So exams are pretty much done and dusted if you’re in Year 13. Good job, pats on the back all round. If uni’s not immediately (or ever) on the cards for you, then now’s a great time to think about how to invest in yourself over the next year of sweet, sweet freedom.
The idea of a gap year might have been bounced around, but what is it really like? Who can do it? Is it a good idea? Thankfully, Push is here to help with a few good old FAQs.
Do I need to apply to university before I take my gap year?
No. You don’t have to, but it’s a good idea for loads of reasons.
For one, it means you that won’t need to worry about attending your interview at Bognor Regis University when you’re more concerned with keeping your kayak afloat on the upper reaches of the Limpopo.
Secondly, if you don’t get a place that suits you first time round, taking a year out gives you a second bite at the cherry. But not if you didn’t take the first bite earlier.
Do/did I need to tell the universities that I want to take a gap year?
In theory, you should. Having said that, it’s far from unknown for applicants to apply for the next year, then, once they’ve got their place, they tell the university they’ve changed their mind and now want to take a gap year.
Most universities, if they were willing to offer you place to start with, won’t feel any different about it the following year, but some say you should reapply anyway.
Occasionally they decide they don’t like being messed about and will turn you down, but that’s only likely to happen with the most uptight places and there are plenty of others that’ll take a more pragmatic attitude.
But in any case, they’re under no obligation to hold your place for you if you haven’t told them.
Obviously, if you’re already on a gap year, it’ll be clear from other parts of your UCAS form that that’s what you’re up to and you should do the 'defer' thing.
My results weren’t good enough, should I take a gap year and reapply or try to get in through Clearing?
Let’s say you’ve missed your grades and phoned the university department to try to haggle with them based on whatever you did get. They still won’t take you. If your first reaction is, ‘Okay, Clearing’, then take a chill pill. Not so fast.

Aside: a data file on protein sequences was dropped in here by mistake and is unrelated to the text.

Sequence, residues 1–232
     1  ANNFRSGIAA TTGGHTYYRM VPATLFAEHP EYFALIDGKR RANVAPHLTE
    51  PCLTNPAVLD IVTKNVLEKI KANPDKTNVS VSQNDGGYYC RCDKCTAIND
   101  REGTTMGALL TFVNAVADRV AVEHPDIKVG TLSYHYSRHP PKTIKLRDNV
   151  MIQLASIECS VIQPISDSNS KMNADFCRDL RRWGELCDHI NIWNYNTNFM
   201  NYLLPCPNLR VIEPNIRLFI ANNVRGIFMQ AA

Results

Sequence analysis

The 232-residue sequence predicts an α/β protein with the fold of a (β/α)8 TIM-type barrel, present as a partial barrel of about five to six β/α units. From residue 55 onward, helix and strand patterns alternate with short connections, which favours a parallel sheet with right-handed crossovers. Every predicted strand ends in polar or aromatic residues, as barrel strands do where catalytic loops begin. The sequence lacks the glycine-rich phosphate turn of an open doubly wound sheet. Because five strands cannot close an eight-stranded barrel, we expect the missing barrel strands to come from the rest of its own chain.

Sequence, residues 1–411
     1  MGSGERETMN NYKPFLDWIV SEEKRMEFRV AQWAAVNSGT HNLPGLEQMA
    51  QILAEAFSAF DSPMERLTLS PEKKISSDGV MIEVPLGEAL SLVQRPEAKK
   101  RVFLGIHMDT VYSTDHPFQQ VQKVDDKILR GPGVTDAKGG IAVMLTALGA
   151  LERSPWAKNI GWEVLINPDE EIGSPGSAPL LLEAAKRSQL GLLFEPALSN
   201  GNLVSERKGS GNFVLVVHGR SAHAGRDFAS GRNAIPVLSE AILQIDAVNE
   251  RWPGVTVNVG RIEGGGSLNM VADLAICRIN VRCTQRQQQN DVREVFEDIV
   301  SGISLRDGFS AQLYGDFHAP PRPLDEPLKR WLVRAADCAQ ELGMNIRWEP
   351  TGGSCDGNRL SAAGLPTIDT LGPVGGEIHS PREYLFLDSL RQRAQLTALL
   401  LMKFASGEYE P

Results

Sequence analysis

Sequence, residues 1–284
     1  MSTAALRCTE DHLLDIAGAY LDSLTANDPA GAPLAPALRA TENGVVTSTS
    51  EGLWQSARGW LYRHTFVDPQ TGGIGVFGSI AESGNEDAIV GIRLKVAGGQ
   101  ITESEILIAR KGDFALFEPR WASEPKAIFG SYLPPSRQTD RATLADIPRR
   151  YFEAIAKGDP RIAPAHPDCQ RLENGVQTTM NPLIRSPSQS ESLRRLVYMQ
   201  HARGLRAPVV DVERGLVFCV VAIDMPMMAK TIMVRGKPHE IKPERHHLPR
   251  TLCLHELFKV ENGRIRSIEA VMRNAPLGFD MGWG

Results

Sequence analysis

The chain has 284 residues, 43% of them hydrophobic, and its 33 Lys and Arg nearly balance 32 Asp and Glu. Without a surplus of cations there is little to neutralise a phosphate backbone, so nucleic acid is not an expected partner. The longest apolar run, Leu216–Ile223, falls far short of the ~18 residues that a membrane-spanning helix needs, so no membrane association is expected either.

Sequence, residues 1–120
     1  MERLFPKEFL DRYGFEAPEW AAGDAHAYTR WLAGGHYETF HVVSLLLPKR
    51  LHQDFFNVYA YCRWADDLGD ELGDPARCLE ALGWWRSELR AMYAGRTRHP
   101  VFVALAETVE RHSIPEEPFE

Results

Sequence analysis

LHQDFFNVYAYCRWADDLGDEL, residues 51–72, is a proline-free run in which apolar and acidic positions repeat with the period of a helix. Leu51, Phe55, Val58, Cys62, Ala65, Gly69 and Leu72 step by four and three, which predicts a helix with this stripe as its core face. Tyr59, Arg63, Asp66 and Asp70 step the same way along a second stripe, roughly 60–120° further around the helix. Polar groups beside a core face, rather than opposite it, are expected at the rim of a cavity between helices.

What’s the hurry? What is it that makes going to university in the next few weeks so important that you’re willing to snap up some vacancy that the university couldn’t find anyone else to fill? Because that’s what Clearing is and you may well not like what you end up with.
Unless you’ve got some desperate reason why you have to start this, taking a gap year is a sound alternative.
Not only are there all the benefits of a year out, but also, once you’ve got your grades – however bad they may be – you’re no longer an unknown quantity to the universities. You can be a bum on a seat. Which, to them, means money in the bank.
Often they’ll give places to people with lower grades than they would offer to people who are yet to get them. And if your grades really suck, you could always spend all or part of your year out retaking.
What do unis think of gap years?
Most universities reckon if you’ve had a year out, you’ll have a more responsible attitude towards work and you’ll be better able to look after yourself. In other words, you’re less trouble for them.
There are a few strange places that won’t accept deferred entries. In these cases, simply don’t bother mentioning you plan a year out and when they offer you a place, ask them how they would feel if you deferred a year. Some will say it’s fine because they can fill their courses in advance.
The rest will ask you to reapply, but the fact that they’ve offered you a place before will probably work in your favour.
So, what’s the downside of a gap year?
First, it’s another year out before you can start earning, career building and sitting in offices complaining about one another. But so what? As long as the time out isn’t wasted.
Also, it may be hard to get back into a studying frame of mind. But that will only last a few weeks. It’s all habit. In fact, some students find they come back to studying with all the renewed enthusiasm of someone who never realised how much they liked EastEnders till the TV license expired.
Is a Gap Year just a way of delaying the inevitable?
It’s not a good idea to use a year off as an excuse not to go to university. If you don’t want to go, don’t. You can always apply later in life as a mature student. A gap year should be used constructively and not as an excuse, but it is just about your best chance in life to take a break.
For more FAQs, articles on the gap experience, ideas and research starting points, sources and advice, head to our Gap Years page.
LUCY HARDING is the Editorial manager for Push. She is an English Literature grad and an MA Publishing student at UCL. She is passionate about international relations and cultural diversity, having worked closely with her university’s Erasmus society to support European students. She also spent a year abroad studying at California State University: Long Beach
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